‘Buildings were lost, our school wasn’t’: Education in a changing climate

As the Lismore floodwaters recede, a community is redefining education.

The Lismore floods have devastated the entire community, with their impacts extending not just to every individual but also to the institutions at the heart of the Lismore community. One such institution is the Living School, a not-for-profit, progressive, independent school established in 2020. Earlier this year the school was completely flooded, with harrowing images on their website showing the second storey of the school poking its head above a sea of water. 

The school’s small campus was originally intended to push students out into the community as part of their philosophical approach to community-based learning. Even before the floods, classes were held at the nearby TAFE, in the library, in galleries and on a houseboat, purpose-bought to float maths and science students down the river as they learned. However, with the campus rendered unusable by water damage, they were forced to relocate first to the Lennox Head Rugby Clubhouse, then to the nearby farm of Principal John Stewart, before finally settling on the grounds of the Southern Cross University Campus.

The floods have forced the school and its community to conduct a conceptual reassessment of what school and community mean. Jonny Wouters, a teacher at the Living School noted that, “assumptions I had made about life that I thought were stable were suddenly washed away and I had to regain a sense of the landscape because the landscape was different internally and externally.” Another teacher, Ant Lewry, reflected on the isolating experience of his home going underwater, “I was on my own. I couldn’t reach anybody. I had never experienced anything like this before. I had never been more scared than in those moments, on that day, in those hours. I had never felt more alone. The fear that I felt then, as someone who has experienced a fair bit of trauma in my life – nothing compared to that day.” With characteristically inadequate support from the government, the community supported itself, “It felt like the most obvious and only thing to do – be there for one another”. Jonny described the experience of teachers forced to appropriate the role of SES workers and rescue their neighbours and friends, as he did for Ant. “Our dear friend who lives up the road, we went to go get him – on a kayak – as the road wasn’t drivable. His terrified face along with all of the terrified faces we passed. We kept each other sane.”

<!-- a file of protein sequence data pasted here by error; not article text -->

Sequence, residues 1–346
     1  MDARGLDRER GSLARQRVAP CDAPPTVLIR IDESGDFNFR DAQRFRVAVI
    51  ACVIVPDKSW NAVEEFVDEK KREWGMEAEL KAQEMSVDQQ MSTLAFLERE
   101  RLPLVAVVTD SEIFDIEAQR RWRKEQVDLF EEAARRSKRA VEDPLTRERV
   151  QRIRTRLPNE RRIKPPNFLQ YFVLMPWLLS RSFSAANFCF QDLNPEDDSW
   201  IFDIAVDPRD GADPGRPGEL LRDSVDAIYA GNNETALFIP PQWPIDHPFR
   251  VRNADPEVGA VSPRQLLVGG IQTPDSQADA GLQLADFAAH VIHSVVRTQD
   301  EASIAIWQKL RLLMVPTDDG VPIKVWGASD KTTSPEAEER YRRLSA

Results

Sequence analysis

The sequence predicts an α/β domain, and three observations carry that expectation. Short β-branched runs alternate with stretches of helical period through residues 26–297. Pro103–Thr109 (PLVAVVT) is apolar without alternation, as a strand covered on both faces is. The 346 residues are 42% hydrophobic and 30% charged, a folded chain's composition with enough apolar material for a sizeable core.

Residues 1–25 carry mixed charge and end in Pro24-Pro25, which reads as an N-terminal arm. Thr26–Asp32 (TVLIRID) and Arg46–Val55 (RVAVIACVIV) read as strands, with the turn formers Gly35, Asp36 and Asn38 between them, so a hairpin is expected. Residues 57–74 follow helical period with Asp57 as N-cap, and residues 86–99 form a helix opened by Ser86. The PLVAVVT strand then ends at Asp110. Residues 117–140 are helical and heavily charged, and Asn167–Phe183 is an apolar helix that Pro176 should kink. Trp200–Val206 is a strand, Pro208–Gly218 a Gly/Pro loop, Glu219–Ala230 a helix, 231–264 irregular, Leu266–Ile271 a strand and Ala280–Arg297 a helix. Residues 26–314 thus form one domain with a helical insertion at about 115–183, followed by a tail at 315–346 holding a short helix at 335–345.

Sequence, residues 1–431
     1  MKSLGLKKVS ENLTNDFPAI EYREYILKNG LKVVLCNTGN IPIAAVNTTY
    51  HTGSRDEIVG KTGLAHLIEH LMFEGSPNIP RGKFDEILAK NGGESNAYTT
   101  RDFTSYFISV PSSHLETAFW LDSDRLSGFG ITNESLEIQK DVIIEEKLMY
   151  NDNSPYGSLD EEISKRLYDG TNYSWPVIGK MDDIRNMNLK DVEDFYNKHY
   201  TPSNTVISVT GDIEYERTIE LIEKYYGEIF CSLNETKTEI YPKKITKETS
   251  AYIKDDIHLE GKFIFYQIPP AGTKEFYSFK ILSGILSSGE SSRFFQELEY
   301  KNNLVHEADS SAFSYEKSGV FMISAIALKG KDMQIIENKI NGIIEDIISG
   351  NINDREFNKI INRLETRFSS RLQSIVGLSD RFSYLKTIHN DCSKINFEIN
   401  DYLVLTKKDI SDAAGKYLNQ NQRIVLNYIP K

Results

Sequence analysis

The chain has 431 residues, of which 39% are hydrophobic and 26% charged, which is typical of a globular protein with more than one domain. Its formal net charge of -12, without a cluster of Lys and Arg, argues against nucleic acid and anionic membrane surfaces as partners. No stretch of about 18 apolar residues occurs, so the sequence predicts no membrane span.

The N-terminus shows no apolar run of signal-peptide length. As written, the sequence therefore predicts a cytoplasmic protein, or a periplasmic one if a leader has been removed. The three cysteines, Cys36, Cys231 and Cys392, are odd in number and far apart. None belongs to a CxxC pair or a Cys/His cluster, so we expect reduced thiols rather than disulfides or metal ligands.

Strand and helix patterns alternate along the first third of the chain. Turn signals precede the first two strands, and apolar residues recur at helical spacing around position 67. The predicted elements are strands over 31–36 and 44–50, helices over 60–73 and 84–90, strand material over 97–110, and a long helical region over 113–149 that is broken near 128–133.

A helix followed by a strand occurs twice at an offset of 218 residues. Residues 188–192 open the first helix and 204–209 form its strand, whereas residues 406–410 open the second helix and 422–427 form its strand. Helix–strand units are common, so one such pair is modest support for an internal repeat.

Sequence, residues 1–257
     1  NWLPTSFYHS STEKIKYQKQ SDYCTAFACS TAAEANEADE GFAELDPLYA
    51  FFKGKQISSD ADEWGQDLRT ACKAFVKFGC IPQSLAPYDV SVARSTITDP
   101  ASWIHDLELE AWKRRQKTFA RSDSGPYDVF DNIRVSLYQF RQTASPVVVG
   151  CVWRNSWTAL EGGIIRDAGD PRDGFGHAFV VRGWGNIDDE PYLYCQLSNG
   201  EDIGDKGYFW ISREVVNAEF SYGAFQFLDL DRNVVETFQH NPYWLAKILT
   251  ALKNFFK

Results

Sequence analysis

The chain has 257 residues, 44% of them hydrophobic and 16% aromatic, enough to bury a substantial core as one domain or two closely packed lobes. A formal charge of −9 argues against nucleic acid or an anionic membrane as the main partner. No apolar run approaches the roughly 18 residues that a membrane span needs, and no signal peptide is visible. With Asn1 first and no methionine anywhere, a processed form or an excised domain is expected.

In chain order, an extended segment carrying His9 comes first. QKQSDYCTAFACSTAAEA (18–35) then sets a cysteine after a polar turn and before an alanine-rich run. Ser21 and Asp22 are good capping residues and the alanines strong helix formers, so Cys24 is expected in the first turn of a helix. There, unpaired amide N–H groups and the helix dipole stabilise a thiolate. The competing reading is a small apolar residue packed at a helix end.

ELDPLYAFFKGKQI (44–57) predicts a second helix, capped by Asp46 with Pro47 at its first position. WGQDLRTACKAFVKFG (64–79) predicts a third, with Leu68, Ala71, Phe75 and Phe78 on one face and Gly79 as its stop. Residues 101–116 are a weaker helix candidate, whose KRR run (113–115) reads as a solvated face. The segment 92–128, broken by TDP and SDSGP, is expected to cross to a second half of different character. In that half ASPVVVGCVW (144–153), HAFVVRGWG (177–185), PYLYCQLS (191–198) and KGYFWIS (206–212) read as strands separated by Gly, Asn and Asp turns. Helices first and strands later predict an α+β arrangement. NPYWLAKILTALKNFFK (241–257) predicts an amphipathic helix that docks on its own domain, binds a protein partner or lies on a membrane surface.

Unbelievably, alongside these accounts, is the story that the school, not as a campus but as a place of learning, was only closed for five days. Moving between their various classrooms in the Rugby Club, on the farm and at the University over the subsequent weeks, it becomes clear that a school is not just the building that springs to mind when we hear the word. Rather, it is a concept. It is a spirit, a philosophy and an environment, an idea that is perhaps more acutely felt in communities such as Lismore. 

Sandringham Primary School 15km outside of Melbourne, which was largely destroyed by a fire in early 2020, reflects a similar approach to learning and community. Principal Lousie Neave noted that “In our communication with families we were mindful to refrain from saying ‘our school is lost’ or ‘we need to rebuild our school’, because a school is more than buildings. School is community and people, it’s familiar faces, classmates and amazing teachers. And we didn’t lose that. Buildings were lost, our school wasn’t.”

An understanding has emerged from these two communities of what schools are. Ant notes he is “not grateful for the pain but for the growth and for the love and connection that has come from it.” Ultimately, although inspiring, these communities should not be forced to rely upon themselves in such ways. With tokenistic emissions reductions targets, our government denies the science and existence of climate change that contributes to extreme events such as the Lismore floods. It then fails to provide adequate support and relief, perhaps most appallingly encapsulated by MP Peter Dutton’s GoFundMe for flood victims in his electorate of Dickson. Matthew Wade, writer for The Conversation, decried such a passing around of the hat suggesting that, “For many, Dutton’s campaign reflected a wider lack of planning and urgency to mitigate extreme weather events, but it also reveals the everyday normalisation of crowdfunding. What does it say about the role of government, the reciprocal duties of citizens, and how we can best support each other in difficult times, when no less than the federal defence minister turns to crowdfunding?”

Continually asking communities to show resilience is “not ok for anybody. It’s not good modelling. It’s hurtful…I think we are sometimes expected to be resilient in an unhealthy way,” says Ant. While the floods have forced positive reconceptualisations and understandings of learning, community and support, we must stop hoping that people are resilient and start planning for a future fraught with climate disasters.